6. Finally, as described in the Firm System, you will be assigned a firm when you enter the Tulane Team. Each firm is tasked with assigning members from its firm to staff its ward, ICU, CCU, etc. duties. When you go to one of these rotations, you will be going with a resident from your firm. Over time, the senior residents on the firm (PGY 2 and 3) will collectively become very knowledgeable about the interns in their firm (since they will have collectively worked with you throughout the year). On a quarterly basis, the senior residents in the firm will evaluate each intern in their firm… using the exact methodology as the ambulatory and nurse evaluations…. One question… “How can this intern most improve?” And… the interns on that firm will reciprocate with their own session, evaluating the residents on their firm. Once again, the evaluation system is designed to optimize and reward interpersonal relationships, and to give you meaningful feedback as to how to become even better (as opposed to that tired-old…“She was a 4 out of 5… great working with her… Read more.”  Useless… as if you were on the fence as to whether you should read more or read less.)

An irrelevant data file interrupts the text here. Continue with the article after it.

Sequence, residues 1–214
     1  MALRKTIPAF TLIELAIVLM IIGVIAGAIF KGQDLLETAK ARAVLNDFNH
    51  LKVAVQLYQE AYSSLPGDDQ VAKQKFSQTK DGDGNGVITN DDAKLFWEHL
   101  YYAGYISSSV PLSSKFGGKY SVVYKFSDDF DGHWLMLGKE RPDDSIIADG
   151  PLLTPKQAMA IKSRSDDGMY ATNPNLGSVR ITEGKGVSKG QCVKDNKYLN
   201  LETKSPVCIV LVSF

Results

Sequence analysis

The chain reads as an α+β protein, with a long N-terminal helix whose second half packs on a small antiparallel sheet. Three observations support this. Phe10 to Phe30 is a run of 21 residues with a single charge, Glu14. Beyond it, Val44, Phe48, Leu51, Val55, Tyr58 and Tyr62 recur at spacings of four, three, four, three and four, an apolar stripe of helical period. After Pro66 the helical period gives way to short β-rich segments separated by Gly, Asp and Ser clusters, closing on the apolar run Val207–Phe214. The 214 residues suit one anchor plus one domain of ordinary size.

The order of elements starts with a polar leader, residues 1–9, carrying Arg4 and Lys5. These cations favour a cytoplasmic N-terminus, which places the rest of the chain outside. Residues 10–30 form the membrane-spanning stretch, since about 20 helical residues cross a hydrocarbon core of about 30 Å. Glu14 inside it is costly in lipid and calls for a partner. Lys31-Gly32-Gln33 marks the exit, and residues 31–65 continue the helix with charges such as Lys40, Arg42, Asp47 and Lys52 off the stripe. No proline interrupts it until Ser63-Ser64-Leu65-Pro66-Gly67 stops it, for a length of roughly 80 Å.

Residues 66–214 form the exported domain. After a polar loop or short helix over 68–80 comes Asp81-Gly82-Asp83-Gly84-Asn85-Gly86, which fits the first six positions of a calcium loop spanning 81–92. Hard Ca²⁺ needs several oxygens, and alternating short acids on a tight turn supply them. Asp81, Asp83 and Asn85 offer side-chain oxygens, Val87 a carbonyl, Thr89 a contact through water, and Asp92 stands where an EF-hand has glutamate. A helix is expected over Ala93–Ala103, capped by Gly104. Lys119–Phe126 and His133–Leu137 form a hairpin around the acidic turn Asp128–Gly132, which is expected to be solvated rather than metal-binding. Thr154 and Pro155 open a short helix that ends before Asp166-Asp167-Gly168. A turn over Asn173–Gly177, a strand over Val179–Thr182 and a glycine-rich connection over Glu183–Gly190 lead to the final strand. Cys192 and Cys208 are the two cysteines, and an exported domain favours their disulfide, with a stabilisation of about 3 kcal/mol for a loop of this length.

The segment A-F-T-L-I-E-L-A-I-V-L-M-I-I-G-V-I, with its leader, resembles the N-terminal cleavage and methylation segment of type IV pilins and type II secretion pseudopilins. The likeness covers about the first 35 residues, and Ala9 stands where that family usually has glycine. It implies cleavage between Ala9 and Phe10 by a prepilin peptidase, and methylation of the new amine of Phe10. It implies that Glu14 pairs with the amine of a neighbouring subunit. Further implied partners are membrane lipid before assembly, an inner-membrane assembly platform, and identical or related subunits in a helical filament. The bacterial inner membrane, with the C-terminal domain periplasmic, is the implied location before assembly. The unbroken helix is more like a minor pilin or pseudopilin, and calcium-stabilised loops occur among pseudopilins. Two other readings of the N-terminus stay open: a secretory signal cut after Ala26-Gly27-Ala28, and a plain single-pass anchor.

But once again… the point of evaluations should not be to compile an “official record” of scores in the E-value system. There is no grade-point average in residency. The point of the evaluation should be to improve you, and to make sure that what evaluation does occur immediately translates into giving you personal counsel as to how to make that improvement. And that’s where having personal coaches makes all the difference.